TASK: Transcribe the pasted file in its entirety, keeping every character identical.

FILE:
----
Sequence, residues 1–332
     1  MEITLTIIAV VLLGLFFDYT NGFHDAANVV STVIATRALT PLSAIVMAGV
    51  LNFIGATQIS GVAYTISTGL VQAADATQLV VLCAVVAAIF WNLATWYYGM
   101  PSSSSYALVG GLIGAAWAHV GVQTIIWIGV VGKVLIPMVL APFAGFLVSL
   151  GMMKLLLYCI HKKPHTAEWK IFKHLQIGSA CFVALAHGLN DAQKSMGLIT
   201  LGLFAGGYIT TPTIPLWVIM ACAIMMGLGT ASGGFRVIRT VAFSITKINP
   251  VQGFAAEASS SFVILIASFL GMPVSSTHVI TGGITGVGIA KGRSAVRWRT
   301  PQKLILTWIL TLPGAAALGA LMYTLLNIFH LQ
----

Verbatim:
Sequence, residues 1–332
     1  MEITLTIIAV VLLGLFFDYT NGFHDAANVV STVIATRALT PLSAIVMAGV
    51  LNFIGATQIS GVAYTISTGL VQAADATQLV VLCAVVAAIF WNLATWYYGM
   101  PSSSSYALVG GLIGAAWAHV GVQTIIWIGV VGKVLIPMVL APFAGFLVSL
   151  GMMKLLLYCI HKKPHTAEWK IFKHLQIGSA CFVALAHGLN DAQKSMGLIT
   201  LGLFAGGYIT TPTIPLWVIM ACAIMMGLGT ASGGFRVIRT VAFSITKINP
   251  VQGFAAEASS SFVILIASFL GMPVSSTHVI TGGITGVGIA KGRSAVRWRT
   301  PQKLILTWIL TLPGAAALGA LMYTLLNIFH LQ